In 1864-5, City Point, VA briefly became the tenth largest city in the United States.
Grant in the East
On February 29, 1864, President Lincoln promoted General Ulysses S. Grant as General of the Army – outranking everyone. Since Grant had never been to Washington, his good friend General Sherman advised him to avoid the capital at all costs, and make his headquarters “in the West” where he believed the war would be won.
Within a few days of his promotion, Grant decided to take Sherman’s advice – partially. He declined to make his HQ in Washington, a morass of political and social distractions, but he realized that the war in the east required his presence, for many reasons. His HQ would primarily be in the saddle, attached to the Army of the Potomac, still commanded by General George Meade. The two generals (who had never met) formed a cooperative relationship.
For six weeks, Grant directed a fierce chase through central Virginia after Confederate General Robert E. Lee’s Army. The casualties were horrific, and “Unconditional Surrender” Grant gained another nickname: The Butcher of the Battlefield.
To make matters worse, it was an election year, and President Lincoln was far from confident that he would be re-elected. Everything depended on how the war was going – and it was not going well.
By late May, Grant and Meade settled in for a long siege in Petersburg, VA.
The city of Petersburg is around twenty miles from Richmond, then the capital of the Confederacy. Grant had determined (against traditional military thinking) that Richmond per se had little strategic importance to the war. Petersburg, and its “suburb” of City Point, had vital importance.
It was at the confluence of two large and deep rivers, the James and the Appomattox. It also was the hub of five separate railroads, all leading south and west. This was where supplies to feed and forage the Rebel Army were distributed. This was where incoming feed and forage from the deep south and west (generally unaffected by the fighting), came to replenish the rebels’ dwindling supply. The Union army was determined to keep those supplies dwindling.
The little village of City Point, on a spit of land the outskirts of Petersburg about six miles from the front lines, had a deep port on the James River, suitable for Union supply ships coming from the north. The ships came in droves, bringing ammunition and weaponry, food and clothing, forage for the horses and mules, an enormous amount of building supplies and sundries, including twenty-five locomotives and 275 railroad cars brought by barge from Washington, D.C. to provide their own transportation.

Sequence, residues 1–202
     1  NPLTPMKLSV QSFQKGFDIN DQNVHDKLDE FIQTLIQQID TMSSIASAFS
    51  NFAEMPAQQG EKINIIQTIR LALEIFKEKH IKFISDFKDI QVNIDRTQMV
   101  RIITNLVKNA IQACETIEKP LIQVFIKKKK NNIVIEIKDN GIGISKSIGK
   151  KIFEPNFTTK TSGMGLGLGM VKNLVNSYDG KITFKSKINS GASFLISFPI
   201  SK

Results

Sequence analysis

Interestingly enough, while the “best quarters available” were usually reserved for the General, Grant assigned the spacious Appomattox Plantation mansion at City Point (owned and vacated by Confederate Doctor Richard Eppes), to Quartermaster General Rufus Ingalls, whose daily traffic was nonstop. Grant had a small two-room cabin built nearby for his own modest needs.
Lincoln Visits City Point
With the fallout from the enormous casualties of Grant’s Overland Campaign in early spring, and with the upcoming election boding poorly for the President, Lincoln, as commander-in-chief decided to visit his new General of the Army and assess the situation in person. Lincoln, like Grant, had come the conclusion that the Civil War had become one of attrition. Last man standing. The North had more men and resources. Lincoln’s trip was a brief one, between June 21-23, 1864. He boarded the USS Baltimore in Washington, in the late afternoon of June 20, accompanied only by his son Tad, and Assistant Secretary of the Navy Gustavus Fox. They arrived at noon on the 21st.
On this brief visit General Grant suggested that the President might welcome a visit to some of the troops – something the POTUS always enjoyed. Offering the President his own horse, Cincinnati, Grant rode his other mount, Jeff Davis, and escorted his CinC to the front.
According to Brigadier General Horace Porter, “…by the time they had ridden the nearly 10 miles to where the troops were, “he was completely covered with dust, and the black color of his clothes had changed to Confederate gray. His pants legs had hiked up above his ankles, and he looked like a country farmer riding into town wearing his Sunday clothes.”
The troops cheered him enthusiastically. Then Grant suggested they visit the “colored troops, who behaved so handsomely…in front of Petersburg last week.” He was referring to the U.S. Colored Troops of General William F. “Baldy” Smith’s Eighteenth Corps, who had charged the Confederate rifle pits on June 15.
Originally iffy, Grant had formed a good opinion of Black soldiers. He told his division commanders to enlist runaways and freed slaves when possible. He also insisted that they be paid promptly, and ordered white soldiers to be court martialed if they abused their Black compatriots.
Lincoln was delighted to meet the troops, noting that he had read the reports of their valiant efforts. He also mentioned to Grant how he too, had been initially hesitant to authorize raising Black troops, preferring to hire them as laborers. He was sincerely pleased that they had performed so well.
If Lincoln was happy to meet them, it was nothing compared to how they felt about meeting him. General Porter wrote that “some of them kissed his hands, while others ran off crying in triumph …that they had touched his clothes. The President rode with bared head; the tears had started to his eyes, and his voice was so broken by emotion that he could scarcely articulate the words of thanks and congratulation which he tried to speak to the humbled and devoted men through whose ranks he rode.
Porter continued. “The scene was affecting in the extreme, and no one could have witnessed it unmoved.“
Porter, Horace – Campaigning With Grant – Mallard Press, 1991